The American Housing Survey (AHS) updates the profile of the nation's housing stock and households biennially and in select metropolitan areas every 4 to 6 years. The AHS has surveyed a representative sample of renters and homeowners about their households, income, expenses, financing, housing characteristics and conditions, neighborhood quality, and the overall availability of affordable housing since 1973. Professionals use the survey findings for planning, decisionmaking, market research, and program development.
The 2009 survey results report that the nation's housing inventory now surpasses 130 million units. All but 14 percent are occupied. Most of the units (68.8%) are single-family structures; the rest are multifamily and manufactured homes. Single-family detached homes are the most common. The median size floor plan is 1,700 square feet, and the majority of homes have 4 to 6 rooms, 3 or more bedrooms, and at least one bathroom. Overall, U.S. housing is relatively new — over one-half of American homes are less than 35 years old, but 7 percent have proven to be extremely durable, having been built in 1919 or earlier.
Condition. Most homes are in good condition, but not without problems. The most common deficiencies are interior cracks or holes in walls, broken plaster, peeling paint, holes in floors, and rooms without electrical outlets. Among the most severe physical problems experienced in homes are plumbing issues such as leaky pipes and backed up or overflowing fixtures. Exterior leakage problems most often involve roofs and basements.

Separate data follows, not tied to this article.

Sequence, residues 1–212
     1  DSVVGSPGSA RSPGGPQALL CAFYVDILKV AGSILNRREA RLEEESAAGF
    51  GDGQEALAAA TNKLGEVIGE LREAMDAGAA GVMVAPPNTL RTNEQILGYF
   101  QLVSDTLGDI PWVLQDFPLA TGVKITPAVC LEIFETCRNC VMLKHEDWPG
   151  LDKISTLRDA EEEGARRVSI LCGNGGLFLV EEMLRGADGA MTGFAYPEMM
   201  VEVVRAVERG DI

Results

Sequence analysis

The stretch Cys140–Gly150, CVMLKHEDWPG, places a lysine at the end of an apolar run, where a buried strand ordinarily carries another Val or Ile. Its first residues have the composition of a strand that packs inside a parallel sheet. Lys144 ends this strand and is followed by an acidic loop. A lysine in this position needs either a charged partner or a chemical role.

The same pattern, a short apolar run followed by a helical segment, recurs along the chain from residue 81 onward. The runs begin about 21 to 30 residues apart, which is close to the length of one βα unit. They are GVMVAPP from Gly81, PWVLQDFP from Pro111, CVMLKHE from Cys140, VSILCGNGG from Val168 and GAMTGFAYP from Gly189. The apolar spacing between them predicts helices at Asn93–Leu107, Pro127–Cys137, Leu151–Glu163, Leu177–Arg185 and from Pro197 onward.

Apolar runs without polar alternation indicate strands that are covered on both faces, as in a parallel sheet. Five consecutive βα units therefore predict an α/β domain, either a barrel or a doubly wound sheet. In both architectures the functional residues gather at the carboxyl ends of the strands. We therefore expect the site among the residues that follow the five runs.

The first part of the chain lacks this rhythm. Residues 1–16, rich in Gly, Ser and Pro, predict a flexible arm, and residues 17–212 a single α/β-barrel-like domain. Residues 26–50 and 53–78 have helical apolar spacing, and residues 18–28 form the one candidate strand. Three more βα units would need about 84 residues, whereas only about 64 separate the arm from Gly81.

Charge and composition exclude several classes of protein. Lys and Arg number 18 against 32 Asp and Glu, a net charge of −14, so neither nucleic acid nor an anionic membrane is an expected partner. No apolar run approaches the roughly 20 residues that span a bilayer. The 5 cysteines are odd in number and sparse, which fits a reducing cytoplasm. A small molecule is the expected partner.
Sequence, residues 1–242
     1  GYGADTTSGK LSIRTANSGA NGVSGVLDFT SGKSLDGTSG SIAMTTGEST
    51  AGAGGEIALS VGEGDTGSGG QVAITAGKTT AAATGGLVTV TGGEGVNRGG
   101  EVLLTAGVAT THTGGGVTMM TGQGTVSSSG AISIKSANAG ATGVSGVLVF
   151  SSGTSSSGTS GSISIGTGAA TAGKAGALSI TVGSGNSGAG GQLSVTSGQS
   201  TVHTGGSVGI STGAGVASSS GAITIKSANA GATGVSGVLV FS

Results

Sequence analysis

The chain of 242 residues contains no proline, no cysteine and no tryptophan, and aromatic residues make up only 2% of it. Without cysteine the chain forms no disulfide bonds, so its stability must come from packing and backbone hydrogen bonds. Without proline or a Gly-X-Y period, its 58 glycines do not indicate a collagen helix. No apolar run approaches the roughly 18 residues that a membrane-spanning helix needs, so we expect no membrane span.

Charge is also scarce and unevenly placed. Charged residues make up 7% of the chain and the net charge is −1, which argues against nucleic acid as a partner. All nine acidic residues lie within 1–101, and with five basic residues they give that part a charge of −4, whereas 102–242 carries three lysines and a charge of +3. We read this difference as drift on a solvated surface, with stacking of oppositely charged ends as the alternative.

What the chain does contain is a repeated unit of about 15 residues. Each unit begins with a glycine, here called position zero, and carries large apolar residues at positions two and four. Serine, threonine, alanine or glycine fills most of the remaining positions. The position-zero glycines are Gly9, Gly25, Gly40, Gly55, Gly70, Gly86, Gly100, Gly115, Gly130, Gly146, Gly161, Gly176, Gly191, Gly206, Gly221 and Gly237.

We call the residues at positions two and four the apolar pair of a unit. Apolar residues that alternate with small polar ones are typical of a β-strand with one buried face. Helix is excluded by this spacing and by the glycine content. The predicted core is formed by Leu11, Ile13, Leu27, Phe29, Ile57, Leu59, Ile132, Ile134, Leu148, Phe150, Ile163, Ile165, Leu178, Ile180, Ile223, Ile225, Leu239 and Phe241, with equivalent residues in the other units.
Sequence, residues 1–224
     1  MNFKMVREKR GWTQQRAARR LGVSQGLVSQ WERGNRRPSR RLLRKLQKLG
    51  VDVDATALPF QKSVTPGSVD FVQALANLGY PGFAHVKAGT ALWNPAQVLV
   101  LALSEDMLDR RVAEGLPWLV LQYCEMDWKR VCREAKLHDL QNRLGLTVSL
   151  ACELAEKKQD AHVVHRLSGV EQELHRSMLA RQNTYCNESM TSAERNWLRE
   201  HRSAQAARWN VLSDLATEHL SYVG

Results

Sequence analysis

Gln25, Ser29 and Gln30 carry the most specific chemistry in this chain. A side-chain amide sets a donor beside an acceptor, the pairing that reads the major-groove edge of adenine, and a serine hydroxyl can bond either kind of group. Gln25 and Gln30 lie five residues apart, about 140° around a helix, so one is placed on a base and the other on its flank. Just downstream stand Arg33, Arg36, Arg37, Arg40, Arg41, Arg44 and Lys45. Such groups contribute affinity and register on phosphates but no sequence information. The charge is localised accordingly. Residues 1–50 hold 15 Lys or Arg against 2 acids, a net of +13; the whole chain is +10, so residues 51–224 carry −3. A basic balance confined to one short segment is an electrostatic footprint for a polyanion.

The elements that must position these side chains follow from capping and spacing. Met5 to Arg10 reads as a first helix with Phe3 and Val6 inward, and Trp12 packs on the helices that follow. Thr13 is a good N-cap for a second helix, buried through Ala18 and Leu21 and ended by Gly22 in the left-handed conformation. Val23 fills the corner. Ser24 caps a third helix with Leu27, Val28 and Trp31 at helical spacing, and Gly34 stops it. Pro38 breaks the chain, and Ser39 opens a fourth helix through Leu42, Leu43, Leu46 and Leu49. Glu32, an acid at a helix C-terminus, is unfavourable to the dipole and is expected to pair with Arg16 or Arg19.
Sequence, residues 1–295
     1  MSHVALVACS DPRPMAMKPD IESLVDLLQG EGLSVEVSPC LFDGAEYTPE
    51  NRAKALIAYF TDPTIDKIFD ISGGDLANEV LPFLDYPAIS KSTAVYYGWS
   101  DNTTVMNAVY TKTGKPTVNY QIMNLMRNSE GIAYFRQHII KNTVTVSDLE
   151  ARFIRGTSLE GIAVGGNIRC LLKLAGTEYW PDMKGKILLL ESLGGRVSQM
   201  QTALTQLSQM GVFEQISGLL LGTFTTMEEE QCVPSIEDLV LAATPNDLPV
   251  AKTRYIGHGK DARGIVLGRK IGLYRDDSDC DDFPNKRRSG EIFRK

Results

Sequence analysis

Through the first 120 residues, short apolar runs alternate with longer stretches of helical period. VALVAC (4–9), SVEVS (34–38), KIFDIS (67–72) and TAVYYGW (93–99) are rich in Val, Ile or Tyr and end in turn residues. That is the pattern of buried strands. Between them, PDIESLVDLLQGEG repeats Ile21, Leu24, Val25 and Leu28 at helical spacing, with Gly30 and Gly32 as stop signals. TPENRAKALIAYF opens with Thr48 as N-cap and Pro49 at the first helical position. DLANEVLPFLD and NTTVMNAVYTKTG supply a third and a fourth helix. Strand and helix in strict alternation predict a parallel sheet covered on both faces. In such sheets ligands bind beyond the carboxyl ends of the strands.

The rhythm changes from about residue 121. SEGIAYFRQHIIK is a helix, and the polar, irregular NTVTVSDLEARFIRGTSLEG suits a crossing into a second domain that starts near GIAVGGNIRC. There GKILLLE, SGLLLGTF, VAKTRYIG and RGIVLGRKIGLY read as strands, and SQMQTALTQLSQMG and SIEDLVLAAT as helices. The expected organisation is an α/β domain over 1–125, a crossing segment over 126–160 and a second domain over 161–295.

Location. Three-fourths of the nation's housing is located within metropolitan areas; of these, 60 percent are in suburbia and 40 percent are in central cities. Regionally, the South has the largest percentage of residences (37.9%) and the Northeast has the smallest (17.9%).
Cost. Overall, households spend approximately 23 percent of their income on housing. Median monthly housing costs vary across regions (see graph) but generally require a higher proportion of household income for renters (31.3%) than for homeowners (21.7%) The actual median housing cost for renters (contract rent, property insurance, and utilities) is $784 per month. For owners, the median monthly cost of $1,051 includes mortgage payments, property insurance, real estate taxes, fees (association, condominium, or cooperative), park fees for manufactured homes, land rents, routine maintenance, and utilities.
Recession Impact. The recent dramatic rise in mortgage delinquencies and foreclosures and the concurrent economic recession have greatly affected households and their homes. The proportion of homeowners with underwater mortgages (that is, those whose mortgage value exceeds their home value) increased to 16 percent of survey respondents in 2009 up 8.4 percentage points from 2007. In addition, 62.1 percent of homeowners thought their property value had dropped over this 2-year period. The housing market downturn and recession have also reduced the percentage of movers from 26.3 percent in 2007 to 24.3 percent in 2009. In 2009, approximately one-third of recent movers changed housing type, with 16.6 percent of renters stating that they were previously homeowners, up from 14.1 percent in 2007.
The Residents. The average household consists of 2.5 people. Seventeen percent of households have a member with a disability. Householders' median age is 48 (owners 52 and renters 39), with a median income of $47,000. Eighty-six percent of householders have a high school education or more. One out of three homeowners has a bachelor's degree or higher, compared with only one of every five renters. Similarly, the median income of owners ($60,000) exceeds that of renters ($28,400).